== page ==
Since returning from the Dominican Republic a week ago, I've been regularly checking the middle- and long-range forecast models for any hint at winter precipitation. We received a surprise 1/2" of snow on Monday - falling from an upper-level environment clearly supportive of snow, but into a low-level thermal profile that, at least at first glance, wasn't that supportive (sfc temps at precip onset were 36F). Turns out low-level dry air advection (dew point temps 23-25F) allowed just enough wet bulb (evaporative) cooling to bring the surface closer to 33-34F. As soon as precip ended, temperatures returned to near 36F, providing some support for the evaporative cooling scenario.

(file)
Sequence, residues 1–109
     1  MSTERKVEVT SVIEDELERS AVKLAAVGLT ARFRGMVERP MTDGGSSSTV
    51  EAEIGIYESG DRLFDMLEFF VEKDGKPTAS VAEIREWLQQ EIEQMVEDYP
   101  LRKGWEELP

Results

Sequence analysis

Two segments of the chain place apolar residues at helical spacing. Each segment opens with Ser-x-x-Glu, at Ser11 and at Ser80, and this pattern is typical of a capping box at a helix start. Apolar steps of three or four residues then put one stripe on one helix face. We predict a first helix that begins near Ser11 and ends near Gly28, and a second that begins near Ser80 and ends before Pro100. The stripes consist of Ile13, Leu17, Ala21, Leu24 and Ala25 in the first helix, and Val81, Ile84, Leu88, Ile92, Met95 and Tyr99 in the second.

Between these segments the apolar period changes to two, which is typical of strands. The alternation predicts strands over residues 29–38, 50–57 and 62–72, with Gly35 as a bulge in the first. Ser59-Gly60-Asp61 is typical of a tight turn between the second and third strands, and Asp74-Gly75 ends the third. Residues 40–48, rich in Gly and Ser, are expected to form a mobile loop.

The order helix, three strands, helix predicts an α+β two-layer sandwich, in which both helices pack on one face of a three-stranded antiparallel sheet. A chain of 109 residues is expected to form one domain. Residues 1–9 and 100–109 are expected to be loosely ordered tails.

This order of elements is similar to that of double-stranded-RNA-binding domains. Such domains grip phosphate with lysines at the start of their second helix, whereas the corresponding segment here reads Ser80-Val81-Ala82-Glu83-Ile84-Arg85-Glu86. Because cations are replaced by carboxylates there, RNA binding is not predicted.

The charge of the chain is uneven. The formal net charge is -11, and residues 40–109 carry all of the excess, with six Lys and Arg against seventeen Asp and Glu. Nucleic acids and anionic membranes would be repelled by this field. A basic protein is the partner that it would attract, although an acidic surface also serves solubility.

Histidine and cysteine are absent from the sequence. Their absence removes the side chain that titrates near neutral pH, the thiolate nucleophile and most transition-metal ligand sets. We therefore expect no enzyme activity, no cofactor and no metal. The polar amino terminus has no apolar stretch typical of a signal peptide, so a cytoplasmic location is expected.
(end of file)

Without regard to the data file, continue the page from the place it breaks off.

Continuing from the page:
For getting anything beyond that quick 1/2", though, the long-range forecast is bleak. Both GFS and ECMWF mid- and long-range predictions (out to 240h) bring several surface low pressure systems across the eastern U.S., but always to the west of the Appalachians, placing Annapolis in the "warm sector" of the cyclones and ensuring the precipitation falls as rain.
We'll have to see how the rest of the winter shapes up, but at least for the next 7-10 days, the outlook for significant accumulating snow in the non-mountain mid-Atlantic is bleak.